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Notes 60.1 (2003) 254-258



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Briefly Noted

Rick Anderson


Music from the Odhecaton: Celebrating the 500th Anniversary of the First Printed Music. Piffaro. Dorian xCD-90301, 2002. Piffaro. Dorian xCD-90301, 2002.

It would be difficult to overstate the impact of the decision, taken by the Signoria of Venice in 1498, to grant music publisher Ottaviano Petrucci a monopoly in the publishing of polyphonic music. Working in collaboration with the Dominican friar Petrus Castellanus, who acted as editor and compiler, Petrucci produced a volume entitled Harmonice Musices Odhecaton A, which contained ninety-six polyphonic works (mostly chansons) by a variety of popular composers, including Alexander Agricola, Antoine Busnoys, and Jacob Obrecht. It remains a landmark in the history of printed music, and selected contents have been recorded in a variety of configurations, recently and notably in a fine 2002 collection by Fretwork (Harmonia Mundi HMU 907291). While Petrucci would go on to publish many other musical collections, it was this one that would have the greatest impact. This album features twenty-nine selections from the Odhecaton, all of them played by the Renaissance wind band Piffaro. Consistent with the common practice of his day, Petrucci did not bother prescribing instrumentation; it was understood that the pieces could be played by any combination of melody instruments. Thus, Fretwork's arrangements of the pieces for viol consort are every bit as "historical" as these settings for shawm, sackbut, recorder, cornetto, and even bagpipes (along with the rarely recorded dolzaina and a shifting complement of accompanying stringed instruments). Those who love early wind music will likely see Piffaro's name and need no further convincing; this ensemble is one of the finest Renaissance wind bands in existence, and it plays this repertoire with energy and exceptional ensemble sense, not to mention a thoroughly appropriate sense of fun—the bagpipes on Adam Gilbert's arrangements of Pierre de la Rue's "Tant que nostre argent dure" and Jean Mouton's "James James James" are a particularly startling yet effective touch. Those libraries that do not yet own recordings of pieces from the Odhecaton should be especially quick to pick this one up, and those who own the Fretwork recording will likely find this one to be a useful complement.

Giovanni Pierluigi da Palestrina. Missa Dum Complerentur. Veni Sancte Spiritus. Other Music for Whitsuntide. Westminster Cathedral Choir/Martin Baker. Hyperion CDA67353, 2003.

Apart from the Tallis Scholars—which is, of course, a very different sort of ensemble —there is probably no choir in the world performing the works of Palestrina as beautifully as that of Westminster Cathedral. The group's consistency is remarkable; despite a constantly shifting complement of boys' voices and the replacement, in 2000, of Master of Music James O'Donnell by Martin Baker (formerly an organist and Master of the Choristers at Westminster Abbey), the choir's warm, creamy ensemble sound remains instantly recognizable and is one of the most attractive on record. It remains particularly well suited to Palestrina's lush and cascading vocal writing. The centerpiece of the choir's latest Palestrina program is a gorgeous and yet infrequently recorded parody Mass based on the motet Dum Complerentur. Also included are five assorted liturgical pieces with similar Whitsuntide/Pentecost themes, as well as a Magnificat setting. As usual, the choir opens with the motet itself before performing the Mass, an approach that is especially [End Page 254] effective in this case given the composer's particularly clear exposition of the source melody at the beginning of each section of the service. The sound quality is fine; a bit more presence would have made it easier to hear and enjoy the remarkable part writing, but the rich ambience of the cathedral offers its own sonic pleasures. Very highly recommended to any collection of Renaissance vocal music.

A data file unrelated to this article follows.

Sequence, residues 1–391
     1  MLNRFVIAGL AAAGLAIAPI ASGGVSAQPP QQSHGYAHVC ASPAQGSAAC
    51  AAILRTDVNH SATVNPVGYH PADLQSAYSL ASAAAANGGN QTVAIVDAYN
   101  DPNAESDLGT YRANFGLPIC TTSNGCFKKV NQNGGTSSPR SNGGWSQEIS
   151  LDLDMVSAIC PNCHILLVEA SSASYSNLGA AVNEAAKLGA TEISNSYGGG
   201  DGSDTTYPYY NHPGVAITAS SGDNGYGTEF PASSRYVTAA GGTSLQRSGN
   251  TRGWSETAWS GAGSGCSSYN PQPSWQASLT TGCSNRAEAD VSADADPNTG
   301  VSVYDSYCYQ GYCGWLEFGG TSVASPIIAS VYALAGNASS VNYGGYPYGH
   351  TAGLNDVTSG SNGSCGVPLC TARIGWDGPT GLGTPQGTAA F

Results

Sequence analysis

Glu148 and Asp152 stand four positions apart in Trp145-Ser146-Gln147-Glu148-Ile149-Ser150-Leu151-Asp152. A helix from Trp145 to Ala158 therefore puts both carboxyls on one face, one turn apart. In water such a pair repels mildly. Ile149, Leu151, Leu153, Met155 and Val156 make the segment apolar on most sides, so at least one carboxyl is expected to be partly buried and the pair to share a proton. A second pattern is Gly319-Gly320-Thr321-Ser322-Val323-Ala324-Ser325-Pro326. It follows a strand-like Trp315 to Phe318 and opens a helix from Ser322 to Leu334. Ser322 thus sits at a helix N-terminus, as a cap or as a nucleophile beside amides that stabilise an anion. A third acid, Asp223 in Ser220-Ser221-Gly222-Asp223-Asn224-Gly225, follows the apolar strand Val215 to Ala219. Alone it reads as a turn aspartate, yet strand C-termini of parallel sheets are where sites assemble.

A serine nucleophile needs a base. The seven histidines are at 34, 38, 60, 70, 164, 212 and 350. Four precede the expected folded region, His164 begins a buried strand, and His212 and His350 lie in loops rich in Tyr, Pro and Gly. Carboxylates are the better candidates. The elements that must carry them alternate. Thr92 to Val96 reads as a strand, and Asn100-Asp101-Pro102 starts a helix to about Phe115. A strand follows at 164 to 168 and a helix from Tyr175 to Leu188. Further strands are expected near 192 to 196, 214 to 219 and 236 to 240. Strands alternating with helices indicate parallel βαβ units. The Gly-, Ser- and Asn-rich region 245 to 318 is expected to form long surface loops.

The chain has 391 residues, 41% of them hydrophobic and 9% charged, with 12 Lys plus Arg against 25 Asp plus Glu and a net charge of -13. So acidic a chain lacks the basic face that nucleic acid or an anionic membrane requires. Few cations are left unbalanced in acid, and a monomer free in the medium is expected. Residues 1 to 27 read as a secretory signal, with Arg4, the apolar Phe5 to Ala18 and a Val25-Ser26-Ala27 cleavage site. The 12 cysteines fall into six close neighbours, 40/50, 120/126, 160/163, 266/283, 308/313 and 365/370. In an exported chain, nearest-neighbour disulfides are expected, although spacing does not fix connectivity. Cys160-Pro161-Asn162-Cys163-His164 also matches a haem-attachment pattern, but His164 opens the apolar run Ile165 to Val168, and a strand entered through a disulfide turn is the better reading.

Johann Sebastian Bach. Complete Harpsichord Concertos. Kenneth Gilbert; Lars Ulrik Mortensen; Nicholas Kraemer; Trevor Pinnock; English Concert/Pinnock. Archiv 289 471 754-2, 2002.
Handel, George Frideric. Complete Organ Concertos. Simon Preston; Ursula Holliger; English Concert/ Trevor Pinnock. Archiv 289 469 358-2, 2002.

In 2002, the Deutsche Grammophon label began an aggressive...

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Additional Information

ISSN
1534-150X
Print ISSN
0027-4380
Pages
pp. 254-258
Launched on MUSE
2003-08-19
Open Access
No
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